1. View on Positano from Hotel San Pietro. Positano is a small
town on the Amalfi Coast (Costiera Amalfitana), in Campania, Italy. The main
part of the city sits in an enclave in the hills leading down to the coast. The
population of the town is about 4,000 - it's amazing how they can cope with
crowds of tourists invading this place from early spring to late fall. But
there is no doubt that locals provide much better service and hospitality that
you can find at popular tourist destinations in Italy like Venice and Como
2. Cross-road at Sponda, Positano. This is the spot where our
excursion starts. If you enlarge the picture, you will see road signs showing
distance to Naples, 46 km, and Amalfi, 18 km. You can also see a young lady,
vigile urbano (street police), who is readying for what I may call a
"surgical procedure" to allow two coaches coming from opposite directions pass
this intersection. I can attest to the fact that Amalfi coast roads are narrow
and dangerous, and "procedures" like this come to manipulating often one or two
inches of space between 30 feet vehicles. There is no way it can be done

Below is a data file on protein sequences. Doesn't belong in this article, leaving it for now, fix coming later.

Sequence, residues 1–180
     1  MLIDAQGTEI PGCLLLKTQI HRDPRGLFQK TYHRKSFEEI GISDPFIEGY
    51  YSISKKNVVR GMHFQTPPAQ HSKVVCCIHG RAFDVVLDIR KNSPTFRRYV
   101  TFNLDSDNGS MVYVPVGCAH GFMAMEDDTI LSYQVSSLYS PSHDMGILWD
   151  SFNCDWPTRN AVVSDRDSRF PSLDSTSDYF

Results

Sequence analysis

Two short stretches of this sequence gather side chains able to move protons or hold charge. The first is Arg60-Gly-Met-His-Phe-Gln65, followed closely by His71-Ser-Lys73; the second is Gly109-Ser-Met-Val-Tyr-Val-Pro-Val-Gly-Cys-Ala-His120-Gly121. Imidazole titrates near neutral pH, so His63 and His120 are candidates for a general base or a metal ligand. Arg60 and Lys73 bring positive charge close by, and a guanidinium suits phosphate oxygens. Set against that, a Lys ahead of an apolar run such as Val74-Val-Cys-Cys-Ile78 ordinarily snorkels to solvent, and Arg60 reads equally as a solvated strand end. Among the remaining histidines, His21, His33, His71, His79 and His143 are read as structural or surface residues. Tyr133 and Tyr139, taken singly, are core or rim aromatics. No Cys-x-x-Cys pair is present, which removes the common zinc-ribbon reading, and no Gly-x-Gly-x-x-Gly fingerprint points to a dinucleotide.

without someone's help and coordination. By the way, circulation of vehicles
longer than 12 meters is prohibited on local roads.
3. 'Total' on via Cristoforo Colombo, one of the two gas
stations in Positano. That's what you see on your right when you start moving
down the street. This street is the only one opened to cars in Positano (unless
you count via Pasitea which is just a continuation of via Colombo). The street
is relatively clean and taken care of. It's used extensively not only by cars
but locals and tourists as well - everything in Positano is within walking
distance and many places can be reached only on foot.
4. View from via Cristoforo Colombo onto marina. One nice
thing about via Colombo (and Positano in general) is that while walking you can
enjoy breathtaking vistas of the town, its marina and beaches as well as the
see. I think that even after spending sometime here, you still be taken aback
by the beauty of this place. On the left side, far in the sea, you can see Li
Galli (The Galli) archipelago thought to be the home of sirens in Homer poems.
5. View on Western part of Positano - this photo is taken
approximately from the same spot as the picture above but without zooming on to
marina. As a result, this fairy tale layout of the town with smaller and bigger
constructions covering surrounding hills. In the foreground of the photos is
the port (il molo or, simply, pier) and the Spiaggia Grande (Big Beach)
- the focal point of Positano. The water usually is very clean and not
contaminated by the town waste. Also, the marine traffic at the port is not
significant - small motorboats and bigger ships, usually hydrofoils, that